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[Amps] more on RF insulation

Subject: [Amps] more on RF insulation
From: "John T. M. Lyles" <>
Date: Fri, 26 Mar 2004 10:52:25 -0700
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Comments have mentioned Delrin*, nylon and Teflon*:

Delrin* acetal resin is a crystalline thermoplastic made from polymerization of formaldehyde. In the handbook by Dupont, it has lots of outstanding properties, but for electrical it is listed as 'good' properties. I know it is used in a lot of AC mains rated insulation, motors, applicances, etc. Its dielectric strength is good, but that is only a DC/low freq measurement. By the way, Formvar insulation is an acetal also, but it is such a thin film on magnet wire that it probably has little effect. The dielectric constant varies significantly with temperature. The loss tangent (dissipation factor part of complex dielectric property) is dependent on moisture, and it is somewhat hydroscopic. As a matter of fact, it doubles for a moisture content increase from 0.2 to about 0.7%. It runs from 0.005 at 1 KHz to 0.0085 at 0.5 MHz all at 23 deg C, but at 1 KHz and 125 deg C it is as high as 0.012, which isn't considered and RF insulator of much quality. Its between bakelite and plexiglass on the charts, and sort of similar to the resin in G10 fiberglass material. But more unstable as a dielectric.

Teflon* is very stable as an RF insulator, as TFE loss tangent is <0.0001 from audio to 1 MHz, and then rises to 0.0045 at high UHF frequency at 25 deg C. Teflon* FEP loss tangent is only 0.0012 at above a GHz at 25 deg C. The loss tangent actually drops with temperature, which is why it doesn't go into thermal runaway when put in high RF fields. The RF properties don't change significantly (like in Delrin*) with humidity either. If it weren't for the cold flow problems, Telflon* would be the best RF insulator known in my opinion. Whenever there is a strength issue, however, it fails. For coil forms it would do fine however, i neglected to mention that before.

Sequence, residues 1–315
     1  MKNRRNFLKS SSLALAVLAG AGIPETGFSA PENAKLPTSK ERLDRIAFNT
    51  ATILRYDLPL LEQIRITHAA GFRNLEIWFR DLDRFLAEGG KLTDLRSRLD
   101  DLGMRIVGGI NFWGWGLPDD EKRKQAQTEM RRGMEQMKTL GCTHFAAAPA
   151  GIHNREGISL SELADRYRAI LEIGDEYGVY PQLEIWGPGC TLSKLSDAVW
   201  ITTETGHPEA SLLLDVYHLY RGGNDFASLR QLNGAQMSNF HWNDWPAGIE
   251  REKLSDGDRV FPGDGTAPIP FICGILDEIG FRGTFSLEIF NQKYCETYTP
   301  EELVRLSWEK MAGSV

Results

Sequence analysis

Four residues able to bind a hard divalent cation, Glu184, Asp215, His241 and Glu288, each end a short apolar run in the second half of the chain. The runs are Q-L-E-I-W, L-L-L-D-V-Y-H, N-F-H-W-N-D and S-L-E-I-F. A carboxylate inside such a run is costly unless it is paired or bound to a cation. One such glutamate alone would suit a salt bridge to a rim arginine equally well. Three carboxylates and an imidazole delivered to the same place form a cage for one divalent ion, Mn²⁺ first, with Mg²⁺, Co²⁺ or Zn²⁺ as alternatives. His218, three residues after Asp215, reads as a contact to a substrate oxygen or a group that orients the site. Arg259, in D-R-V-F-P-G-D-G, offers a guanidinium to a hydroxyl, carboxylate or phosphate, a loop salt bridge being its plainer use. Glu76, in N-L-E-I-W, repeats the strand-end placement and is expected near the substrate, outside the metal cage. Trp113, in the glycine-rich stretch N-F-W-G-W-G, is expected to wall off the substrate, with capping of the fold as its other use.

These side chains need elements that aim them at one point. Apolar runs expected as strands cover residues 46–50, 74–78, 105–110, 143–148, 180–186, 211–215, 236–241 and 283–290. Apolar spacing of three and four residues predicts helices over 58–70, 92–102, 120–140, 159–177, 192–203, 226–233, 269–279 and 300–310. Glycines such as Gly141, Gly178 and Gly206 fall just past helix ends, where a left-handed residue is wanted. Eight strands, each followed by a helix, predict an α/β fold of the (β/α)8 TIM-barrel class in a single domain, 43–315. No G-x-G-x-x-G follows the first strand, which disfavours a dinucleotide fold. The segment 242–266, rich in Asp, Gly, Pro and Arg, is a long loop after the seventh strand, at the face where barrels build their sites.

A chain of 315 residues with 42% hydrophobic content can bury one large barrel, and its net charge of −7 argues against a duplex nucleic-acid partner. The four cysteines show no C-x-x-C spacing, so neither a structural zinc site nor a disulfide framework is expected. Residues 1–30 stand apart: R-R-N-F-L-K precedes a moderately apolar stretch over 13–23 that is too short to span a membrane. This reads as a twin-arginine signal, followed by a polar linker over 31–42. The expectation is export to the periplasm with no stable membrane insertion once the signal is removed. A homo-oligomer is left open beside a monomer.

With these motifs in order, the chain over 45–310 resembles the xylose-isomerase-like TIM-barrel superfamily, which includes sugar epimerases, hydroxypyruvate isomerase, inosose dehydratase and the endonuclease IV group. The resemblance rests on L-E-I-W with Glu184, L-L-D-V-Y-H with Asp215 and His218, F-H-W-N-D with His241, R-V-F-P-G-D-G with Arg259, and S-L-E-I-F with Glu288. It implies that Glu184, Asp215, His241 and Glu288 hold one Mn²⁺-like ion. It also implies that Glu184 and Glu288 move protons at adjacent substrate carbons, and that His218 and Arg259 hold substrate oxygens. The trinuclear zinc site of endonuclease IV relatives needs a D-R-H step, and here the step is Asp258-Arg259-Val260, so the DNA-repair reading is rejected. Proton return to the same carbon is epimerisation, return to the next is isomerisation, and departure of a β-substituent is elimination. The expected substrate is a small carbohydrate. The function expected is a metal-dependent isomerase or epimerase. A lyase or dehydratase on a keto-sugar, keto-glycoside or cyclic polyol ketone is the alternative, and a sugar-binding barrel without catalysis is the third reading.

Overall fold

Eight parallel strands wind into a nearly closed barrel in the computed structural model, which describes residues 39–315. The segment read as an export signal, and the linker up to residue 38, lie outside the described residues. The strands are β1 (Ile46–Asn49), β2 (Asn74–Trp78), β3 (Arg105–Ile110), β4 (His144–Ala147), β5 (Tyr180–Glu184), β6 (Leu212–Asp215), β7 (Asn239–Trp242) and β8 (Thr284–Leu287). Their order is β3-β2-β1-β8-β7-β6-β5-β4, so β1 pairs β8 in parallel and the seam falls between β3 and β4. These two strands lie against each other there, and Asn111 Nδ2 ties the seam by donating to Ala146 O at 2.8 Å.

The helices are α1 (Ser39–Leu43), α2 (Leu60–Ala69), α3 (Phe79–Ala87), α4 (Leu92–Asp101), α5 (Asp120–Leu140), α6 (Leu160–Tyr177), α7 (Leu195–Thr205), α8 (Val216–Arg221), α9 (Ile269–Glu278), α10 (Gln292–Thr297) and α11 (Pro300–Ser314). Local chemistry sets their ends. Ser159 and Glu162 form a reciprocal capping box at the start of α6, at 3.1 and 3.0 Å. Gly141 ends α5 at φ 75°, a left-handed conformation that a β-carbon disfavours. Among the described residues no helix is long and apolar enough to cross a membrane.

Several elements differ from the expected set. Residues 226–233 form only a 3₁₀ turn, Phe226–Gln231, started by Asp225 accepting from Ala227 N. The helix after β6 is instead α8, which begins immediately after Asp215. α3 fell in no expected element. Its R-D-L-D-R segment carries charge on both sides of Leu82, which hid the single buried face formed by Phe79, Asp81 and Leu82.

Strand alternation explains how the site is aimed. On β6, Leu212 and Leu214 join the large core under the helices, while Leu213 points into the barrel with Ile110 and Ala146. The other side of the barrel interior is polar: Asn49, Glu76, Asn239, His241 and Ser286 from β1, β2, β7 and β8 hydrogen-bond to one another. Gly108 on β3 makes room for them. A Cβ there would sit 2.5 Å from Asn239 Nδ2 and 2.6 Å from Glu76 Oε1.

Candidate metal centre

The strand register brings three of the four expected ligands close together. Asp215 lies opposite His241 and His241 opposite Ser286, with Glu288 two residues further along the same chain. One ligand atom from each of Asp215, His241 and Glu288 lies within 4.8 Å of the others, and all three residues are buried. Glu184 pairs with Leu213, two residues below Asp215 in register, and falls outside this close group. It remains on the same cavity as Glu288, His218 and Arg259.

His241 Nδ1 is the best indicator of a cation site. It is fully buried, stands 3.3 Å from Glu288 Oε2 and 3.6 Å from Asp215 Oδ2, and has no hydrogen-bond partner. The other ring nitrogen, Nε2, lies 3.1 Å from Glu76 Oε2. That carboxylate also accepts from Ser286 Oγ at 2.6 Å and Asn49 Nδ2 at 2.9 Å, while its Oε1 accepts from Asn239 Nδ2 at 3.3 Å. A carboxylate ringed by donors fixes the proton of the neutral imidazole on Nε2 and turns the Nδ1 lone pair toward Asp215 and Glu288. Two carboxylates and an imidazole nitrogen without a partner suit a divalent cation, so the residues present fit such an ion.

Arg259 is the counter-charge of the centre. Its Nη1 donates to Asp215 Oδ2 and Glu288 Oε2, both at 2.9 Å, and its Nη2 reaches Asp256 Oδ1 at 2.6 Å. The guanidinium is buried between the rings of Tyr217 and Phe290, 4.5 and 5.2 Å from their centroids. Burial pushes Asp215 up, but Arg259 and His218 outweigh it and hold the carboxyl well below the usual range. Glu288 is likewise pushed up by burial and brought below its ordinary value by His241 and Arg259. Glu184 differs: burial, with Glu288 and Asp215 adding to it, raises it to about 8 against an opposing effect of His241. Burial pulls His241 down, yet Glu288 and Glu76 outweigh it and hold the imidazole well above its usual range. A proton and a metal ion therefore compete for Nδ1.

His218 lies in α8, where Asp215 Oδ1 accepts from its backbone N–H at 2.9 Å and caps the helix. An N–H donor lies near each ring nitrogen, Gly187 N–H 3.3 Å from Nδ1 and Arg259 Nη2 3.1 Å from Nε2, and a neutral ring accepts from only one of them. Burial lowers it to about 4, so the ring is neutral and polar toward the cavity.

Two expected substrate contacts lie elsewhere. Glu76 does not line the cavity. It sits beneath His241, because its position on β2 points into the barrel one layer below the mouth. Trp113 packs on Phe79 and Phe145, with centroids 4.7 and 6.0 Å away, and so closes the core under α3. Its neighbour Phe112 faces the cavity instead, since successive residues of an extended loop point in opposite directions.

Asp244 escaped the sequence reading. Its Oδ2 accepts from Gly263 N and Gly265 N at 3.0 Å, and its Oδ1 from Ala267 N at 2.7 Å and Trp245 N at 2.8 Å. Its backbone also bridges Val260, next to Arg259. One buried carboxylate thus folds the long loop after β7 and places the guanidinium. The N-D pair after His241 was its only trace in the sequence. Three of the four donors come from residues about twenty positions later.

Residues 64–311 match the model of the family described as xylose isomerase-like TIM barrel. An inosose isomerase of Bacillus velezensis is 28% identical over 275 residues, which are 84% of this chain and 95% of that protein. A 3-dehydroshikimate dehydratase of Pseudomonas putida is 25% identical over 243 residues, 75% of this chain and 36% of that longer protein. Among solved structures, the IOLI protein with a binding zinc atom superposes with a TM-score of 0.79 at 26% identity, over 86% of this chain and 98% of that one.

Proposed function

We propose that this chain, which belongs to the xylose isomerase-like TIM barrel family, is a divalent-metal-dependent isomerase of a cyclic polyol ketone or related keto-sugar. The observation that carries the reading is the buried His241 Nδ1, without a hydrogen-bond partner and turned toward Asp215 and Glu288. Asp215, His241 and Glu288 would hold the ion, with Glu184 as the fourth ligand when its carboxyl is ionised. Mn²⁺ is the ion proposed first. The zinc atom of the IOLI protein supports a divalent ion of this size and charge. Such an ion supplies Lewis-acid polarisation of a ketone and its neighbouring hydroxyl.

I don't have much info on nylon's properties except in fiber form, and very old stuff from Dupont. However, it has noticable properties like Delrin* in that it gets more lossy with temperature and with moisture ingress. When I worked for Dupont (1985-1991) I did a lot of work RF heating nylon resin for various industrial processes, and after that experience I would not consider it a good Rf insulator either. BTW, it really stinks when it gets hot! And virgin nylon isn't very strong mechanically, unless it has additives like glass.

For a good source of this sort of info, find a copy of Von Hipples' "Dielectric Materials and Properties" from MIT, in reprint now, or one of the MIT Rad Lab series texts on microwave insulators. They measured a lot of stuff, particularly at 3 GHz and above.


*Teflon and Delrin are Dupoint tradenames.
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